The former Sinn Fein president claims two convictions received in 1975, relating to attempts to escape from the Maze Prison during the early 1970s, are unlawful because of flaws in the detention process.
Lawyers for Mr Adams, 70, argue that, because the order used to intern him was not lawful, he should not have been prosecuted for trying to escape from what they assert was unlawful custody.
In February, the Court of Appeal in Belfast rejected Mr Adams’ argument that the interim custody order (ICO) used to detain him had to be personally considered by the secretary of state for Northern Ireland.
But, on Monday, the Supreme Court in London announced that Mr Adams had been granted permission to appeal against that ruling.
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The Louth TD was first detained in March 1972, but was released in June that year to take part in secret talks in London.
He was rearrested in July 1973 at a Belfast house and interned at the Maze Prison, also known as Long Kesh internment camp.
Mr Adams is challenging convictions handed down by two separate Diplock Court trials, cases tried by a single judge sitting without a jury, relating to two attempts to escape from internment.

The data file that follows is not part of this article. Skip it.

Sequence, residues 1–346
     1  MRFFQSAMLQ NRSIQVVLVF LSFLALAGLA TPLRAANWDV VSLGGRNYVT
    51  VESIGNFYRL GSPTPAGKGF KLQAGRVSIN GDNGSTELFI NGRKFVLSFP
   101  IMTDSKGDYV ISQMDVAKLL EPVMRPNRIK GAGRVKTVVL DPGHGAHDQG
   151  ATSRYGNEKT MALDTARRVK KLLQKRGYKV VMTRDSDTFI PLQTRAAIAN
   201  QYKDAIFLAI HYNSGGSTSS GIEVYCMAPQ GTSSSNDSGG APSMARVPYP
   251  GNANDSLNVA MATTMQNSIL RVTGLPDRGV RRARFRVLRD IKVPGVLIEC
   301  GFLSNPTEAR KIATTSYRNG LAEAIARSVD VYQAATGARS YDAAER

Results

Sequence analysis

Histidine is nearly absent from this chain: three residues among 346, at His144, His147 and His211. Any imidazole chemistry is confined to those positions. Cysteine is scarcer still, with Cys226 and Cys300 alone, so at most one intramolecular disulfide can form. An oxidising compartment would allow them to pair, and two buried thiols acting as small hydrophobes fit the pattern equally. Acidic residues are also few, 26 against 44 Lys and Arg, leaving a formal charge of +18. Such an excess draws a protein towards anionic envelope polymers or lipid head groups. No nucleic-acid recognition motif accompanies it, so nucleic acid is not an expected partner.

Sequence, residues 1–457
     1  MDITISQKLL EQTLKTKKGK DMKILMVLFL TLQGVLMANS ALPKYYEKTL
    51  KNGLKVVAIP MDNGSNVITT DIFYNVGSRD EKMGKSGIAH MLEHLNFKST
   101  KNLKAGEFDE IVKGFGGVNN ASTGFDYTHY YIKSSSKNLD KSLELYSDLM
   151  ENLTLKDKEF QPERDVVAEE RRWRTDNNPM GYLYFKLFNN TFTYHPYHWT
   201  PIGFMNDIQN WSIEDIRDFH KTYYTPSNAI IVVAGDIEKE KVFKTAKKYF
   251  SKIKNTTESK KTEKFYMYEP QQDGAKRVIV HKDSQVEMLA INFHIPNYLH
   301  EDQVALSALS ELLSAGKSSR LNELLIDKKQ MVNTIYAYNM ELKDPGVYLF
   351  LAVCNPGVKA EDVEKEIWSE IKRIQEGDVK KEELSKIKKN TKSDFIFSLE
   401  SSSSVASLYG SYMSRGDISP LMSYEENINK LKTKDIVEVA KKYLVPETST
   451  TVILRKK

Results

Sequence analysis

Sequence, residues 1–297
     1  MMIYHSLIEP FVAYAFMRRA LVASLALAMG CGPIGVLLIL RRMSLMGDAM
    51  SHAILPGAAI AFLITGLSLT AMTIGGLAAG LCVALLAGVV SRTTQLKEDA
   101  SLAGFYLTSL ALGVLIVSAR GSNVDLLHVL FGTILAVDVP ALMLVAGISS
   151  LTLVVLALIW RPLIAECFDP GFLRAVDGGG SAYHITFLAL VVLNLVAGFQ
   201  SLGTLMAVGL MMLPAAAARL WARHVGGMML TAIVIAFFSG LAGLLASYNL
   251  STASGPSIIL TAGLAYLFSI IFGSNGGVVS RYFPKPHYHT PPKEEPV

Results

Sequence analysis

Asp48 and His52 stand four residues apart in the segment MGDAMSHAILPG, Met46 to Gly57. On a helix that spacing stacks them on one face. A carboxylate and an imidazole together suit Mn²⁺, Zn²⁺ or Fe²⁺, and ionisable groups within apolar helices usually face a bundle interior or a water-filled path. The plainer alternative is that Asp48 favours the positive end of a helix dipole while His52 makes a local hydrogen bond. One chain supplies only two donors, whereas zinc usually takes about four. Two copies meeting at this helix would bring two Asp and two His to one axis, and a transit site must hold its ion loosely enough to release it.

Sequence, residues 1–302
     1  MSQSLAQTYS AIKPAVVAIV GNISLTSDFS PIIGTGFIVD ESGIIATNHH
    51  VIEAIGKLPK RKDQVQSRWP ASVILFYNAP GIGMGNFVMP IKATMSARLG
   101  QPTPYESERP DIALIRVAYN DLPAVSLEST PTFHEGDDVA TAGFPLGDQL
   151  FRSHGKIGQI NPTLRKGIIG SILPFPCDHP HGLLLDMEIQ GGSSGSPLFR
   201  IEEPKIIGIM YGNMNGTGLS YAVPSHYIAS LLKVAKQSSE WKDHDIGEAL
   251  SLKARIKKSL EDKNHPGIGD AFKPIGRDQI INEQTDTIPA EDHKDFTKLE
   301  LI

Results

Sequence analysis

The Court of Appeal heard in February that, on Christmas Eve 1973, he was among four detainees caught attempting to break out of the Maze.
His barrister Sean Doran QC said: “A hole had been cut in the perimeter fence and all four were already through.”
The second escape bid in July 1974 was described as an “elaborate scheme” which involved the kidnap of a man who bore a “striking resemblance” to Mr Adams from a bus stop in west Belfast.
The man was taken to a house where his hair was dyed and he was given a false beard, the court heard.
The man was then taken to the Maze where he was to be substituted for Mr Adams in a visiting hut, however prison staff were alerted to the plan and Mr Adams was arrested in the car park of the jail, the court was told.
Mr Adams was subsequently sentenced to 18 months in jail for attempting to escape.
Mr Doran said that Mr Adams’ detention was unlawful because the ICO was signed by a junior minister at the Northern Ireland Office and not the secretary of state.
But the Court of Appeal said it was “satisfied that the ICO was valid having been made by the minister on behalf of the secretary of state” and dismissed Mr Adams’ appeal.
Internment was introduced in 1971 by former prime minister of Northern Ireland Brian Faulkner for those suspected of involvement in violence.
The policy lasted until December 1975.
During that time, 1,981 people were interned, 1,874 were nationalist and 107 were loyalist.
It is understood Mr Adams instigated legal proceedings after the Pat Finucane Centre recovered a document from the British National Archives in London.
No date for the Supreme Court hearing of Mr Adams’ appeal has been given.